Perfectly Invisible

Perfectly Invisible is a lot like watching an episode of CSI or Law & Order. The reader follows the journey of the good guys investigating a crime, shifting through the clues and witnesses, and putting all the pieces together to nail the bad guys. All the cop drama, wit, and twists you would expect to see are there. Yet there is a small twist that makes everything a bit more interesting.

At the heart of the story is HSS agent Miracle Dunn. She’s a veteran detective who has just moved up to an elite agency. This makes her the new kid on the block and part of the story is devoted to her integrating into the team. Her HSS team gets put on an investigation into a double murder that leads them on two chases. One is a cold case a dozen years old. The other is a tangled web of scorn lovers and revenge. Agent Dunn exercises her detective skills to work through the case. The story weaves through a dozen witnesses, a few breaks of action, and a small bit of storybuilding.

The storybuilding part of the book seriously caught my interest as a reader. Stackpole took a detective tale and placed it in a historical, alternate reality. In this universe, the first attack on the World Trade Center in 1993 was successful. Much as the real life attack changed the world and the U.S., this one does the same but it’s taken a step further. The Patriot Act becomes the Patriot Amendment. Another terrorist attack in 1996 throws the alternate universe to the extreme. The present day is a conservative, big brother nation where Homeland Security Service agents have nearly unlimited authority to protect the nation. Abbreviated as HSS, and referred to by the populace as Hiss, Homeland Security Service agents are often called Snakes. This elaborate backdrop doesn’t really play a direct role in the story so much as it adds a unique flavor to it. Agents threaten suspects by saying they could “send them West” instead of the standard spiel about jail time. In this case being “sent West” implies being sent to one of the detention facilities in the western United States and their re-education programs.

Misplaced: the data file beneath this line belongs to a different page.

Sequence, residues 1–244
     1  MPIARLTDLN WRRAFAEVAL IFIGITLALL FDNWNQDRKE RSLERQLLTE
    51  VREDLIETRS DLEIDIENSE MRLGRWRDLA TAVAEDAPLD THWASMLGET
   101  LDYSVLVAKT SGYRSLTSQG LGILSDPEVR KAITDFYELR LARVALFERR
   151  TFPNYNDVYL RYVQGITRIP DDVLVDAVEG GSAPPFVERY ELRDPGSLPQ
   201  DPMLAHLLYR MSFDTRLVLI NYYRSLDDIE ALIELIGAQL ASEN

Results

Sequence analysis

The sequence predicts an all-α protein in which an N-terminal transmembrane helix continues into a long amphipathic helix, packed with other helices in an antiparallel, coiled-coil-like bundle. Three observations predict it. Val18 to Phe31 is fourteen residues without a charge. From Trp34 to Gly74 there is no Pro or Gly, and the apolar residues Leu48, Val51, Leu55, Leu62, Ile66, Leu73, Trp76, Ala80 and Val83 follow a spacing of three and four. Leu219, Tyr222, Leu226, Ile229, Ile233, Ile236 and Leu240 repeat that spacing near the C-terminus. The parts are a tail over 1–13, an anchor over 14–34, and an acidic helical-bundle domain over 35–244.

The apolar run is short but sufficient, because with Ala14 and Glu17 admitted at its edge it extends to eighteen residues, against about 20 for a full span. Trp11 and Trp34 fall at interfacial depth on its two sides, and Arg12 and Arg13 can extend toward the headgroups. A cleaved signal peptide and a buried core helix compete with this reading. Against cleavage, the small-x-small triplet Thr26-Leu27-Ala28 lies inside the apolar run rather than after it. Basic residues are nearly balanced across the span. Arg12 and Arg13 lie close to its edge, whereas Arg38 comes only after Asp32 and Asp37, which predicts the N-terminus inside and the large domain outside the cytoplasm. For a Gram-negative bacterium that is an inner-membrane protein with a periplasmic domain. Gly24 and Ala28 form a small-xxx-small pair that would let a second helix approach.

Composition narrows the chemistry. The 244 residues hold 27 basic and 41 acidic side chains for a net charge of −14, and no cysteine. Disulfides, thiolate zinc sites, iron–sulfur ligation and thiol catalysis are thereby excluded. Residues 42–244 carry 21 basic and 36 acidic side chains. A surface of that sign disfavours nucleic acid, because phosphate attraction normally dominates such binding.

In the end though, Perfectly Invisible is still a cop story. Miracle Dunn is the star, but it takes the efforts of her entire team to crack the case. Dunn is the investigator, Austin Brand is the information guru whose skills excel at weeding through the data for relevant info. Then there’s Thom Carrollton, a well mannered, well dressed agent who could be a perfect fit for a rich snob character. Yet he’s just as much a member of the team as anyone else, and his cool manner makes him perfect for handling delicate interviews or intense interrogations. Last but not least is Fyn. Fyn is the badass, don’t mess with me, ex-military agent who brings out the big guns. When there’s trouble, Fyn is the one the team can turn to and rely on to take care of business. All of the characters have memorable parts in the novel.

Overall it’s an enjoyable story and different from what I typically read (Sci-Fi, Fantasy, Horror, and History). Yet like an episode of CSI, it’s not a blockbuster. Though if the last page is any clue, it’s certainly part of a bigger picture and I’m curious at what the next book in this universe may hold in store.

Reviewed By: Skuldren for Roqoo Depot.

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